- Comedy is the great equaliser - 02/08/2020
- Just put the damn mask on! - 19/07/2020
- I’ll never look at a pomegranate in the same way again - 12/07/2020
AS the great Sam Clemons (better known as Shania Twain) once said, stories of our demise have been greatly exaggerated.
So here we go again, dear readers, on a rollercoaster ride of plain speaking and contentious chatter.
It’s been a quiet seven weeks or so since my last column. Boris became PM and remainer MPs, most notably the ever more treacherous three C’s, Clarke, Cooper and Corbyn, are openly planning insurrection in one more last gasp bid to prevent Brexit and thus thwart democracy, but apart from that…
Well, the situation with Iran has become more worrying with tit for tat oil tanker confiscations, but apart from that…
Well, a young newly-wed police officer was killed as violence continues to overrun our society, but like I said, apart from that, not.. much.. going.. on.
Unless you count a crowd of rednecks chanting “send her back” at a Donald Trump rally as the US President stood smirking, surveying his racist hoard like a cross between Hitler at a nazi gathering and the wicked witch of the west with her flying chimps.
At least there’s the new football season to look forward to.
That’s if you like your footy with frequent delays while off-field officials decide if that finely choreographed goal celebration was actually worth it.
But there’s something far more pressing going on than VAR.
On Monday, my team, the magnificent Wolverhampton Wanderers, grabbed a point against a resurgent Manchester United at Molyneux.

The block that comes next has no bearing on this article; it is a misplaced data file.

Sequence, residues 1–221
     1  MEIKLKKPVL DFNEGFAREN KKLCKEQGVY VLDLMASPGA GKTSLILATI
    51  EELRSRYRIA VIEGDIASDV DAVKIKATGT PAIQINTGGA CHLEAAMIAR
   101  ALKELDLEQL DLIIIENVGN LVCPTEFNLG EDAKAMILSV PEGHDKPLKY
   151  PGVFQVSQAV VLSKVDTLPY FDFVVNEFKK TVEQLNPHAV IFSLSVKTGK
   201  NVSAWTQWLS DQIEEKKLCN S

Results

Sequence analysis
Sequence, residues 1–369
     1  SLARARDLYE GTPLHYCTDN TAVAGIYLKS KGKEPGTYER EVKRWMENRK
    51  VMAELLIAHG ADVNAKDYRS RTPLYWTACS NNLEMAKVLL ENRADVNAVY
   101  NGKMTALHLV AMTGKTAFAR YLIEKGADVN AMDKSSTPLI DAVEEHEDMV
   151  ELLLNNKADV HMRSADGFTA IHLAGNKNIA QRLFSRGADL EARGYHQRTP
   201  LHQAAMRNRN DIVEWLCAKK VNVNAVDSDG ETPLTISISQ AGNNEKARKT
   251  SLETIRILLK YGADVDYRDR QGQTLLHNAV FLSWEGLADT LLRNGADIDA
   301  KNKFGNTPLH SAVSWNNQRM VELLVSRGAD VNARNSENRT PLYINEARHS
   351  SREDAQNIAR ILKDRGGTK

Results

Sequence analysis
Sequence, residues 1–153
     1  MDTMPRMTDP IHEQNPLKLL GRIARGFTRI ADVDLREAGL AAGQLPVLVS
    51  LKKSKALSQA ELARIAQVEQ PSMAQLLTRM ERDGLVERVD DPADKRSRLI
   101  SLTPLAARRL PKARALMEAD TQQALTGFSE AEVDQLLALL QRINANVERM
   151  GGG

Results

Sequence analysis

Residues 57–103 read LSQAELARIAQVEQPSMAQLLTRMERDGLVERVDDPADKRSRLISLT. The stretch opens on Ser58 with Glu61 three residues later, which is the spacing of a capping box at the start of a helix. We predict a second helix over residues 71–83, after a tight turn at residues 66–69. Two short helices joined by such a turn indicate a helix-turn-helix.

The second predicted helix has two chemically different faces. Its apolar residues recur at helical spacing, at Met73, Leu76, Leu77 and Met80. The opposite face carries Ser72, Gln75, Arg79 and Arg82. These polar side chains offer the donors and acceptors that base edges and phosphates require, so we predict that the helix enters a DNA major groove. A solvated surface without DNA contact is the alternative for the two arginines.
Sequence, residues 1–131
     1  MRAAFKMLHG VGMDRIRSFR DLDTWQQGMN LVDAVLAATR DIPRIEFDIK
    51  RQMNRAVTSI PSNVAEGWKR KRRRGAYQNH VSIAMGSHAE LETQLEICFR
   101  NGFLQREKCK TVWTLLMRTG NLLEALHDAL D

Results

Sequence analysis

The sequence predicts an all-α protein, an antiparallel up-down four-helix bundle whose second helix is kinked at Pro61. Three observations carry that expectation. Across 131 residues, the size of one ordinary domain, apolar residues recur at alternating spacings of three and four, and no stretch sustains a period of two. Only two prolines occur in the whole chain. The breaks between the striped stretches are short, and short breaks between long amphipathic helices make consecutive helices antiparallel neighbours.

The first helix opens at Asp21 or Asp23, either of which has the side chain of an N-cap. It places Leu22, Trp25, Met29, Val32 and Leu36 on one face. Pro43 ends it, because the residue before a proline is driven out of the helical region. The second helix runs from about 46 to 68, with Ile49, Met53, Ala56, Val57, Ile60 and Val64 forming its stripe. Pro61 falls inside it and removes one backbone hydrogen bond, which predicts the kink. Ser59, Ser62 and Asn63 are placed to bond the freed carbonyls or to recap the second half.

That in itself is not news. We’re at the stage where since last season for the first time in my lifetime, we are capable of giving anyone a game, including the almost invincible City.
However, things would have been a little different on Monday if United’s Paul Pogba hadn’t missed a penalty.
That triggered some dreadful racist insults on social media which Twitter, in a disgraceful but hardly surprising abrogation of responsibility, blamed on society and insisted it was nothing to do with them, even though they had provided the platform for these vile attacks.
This prompted former United legend and England Ladies boss Phil Neville to call for a boycott of social media and I must admit, I can see his point.
As a journalist I have always been an advocate of free speech, but that doesn’t mean we have to listen, does it?
And it certainly doesn’t follow that social media should provide the megaphone for their soapbox.
If clubs are taking measures to issue lifetime bans to fans hollering racist abuse at players, why can’t the likes of Twitter and Facebook do the same?
It doesn’t stop them from spouting their hatred, ,but once you rob these people of an audience they are just shouting into the wind.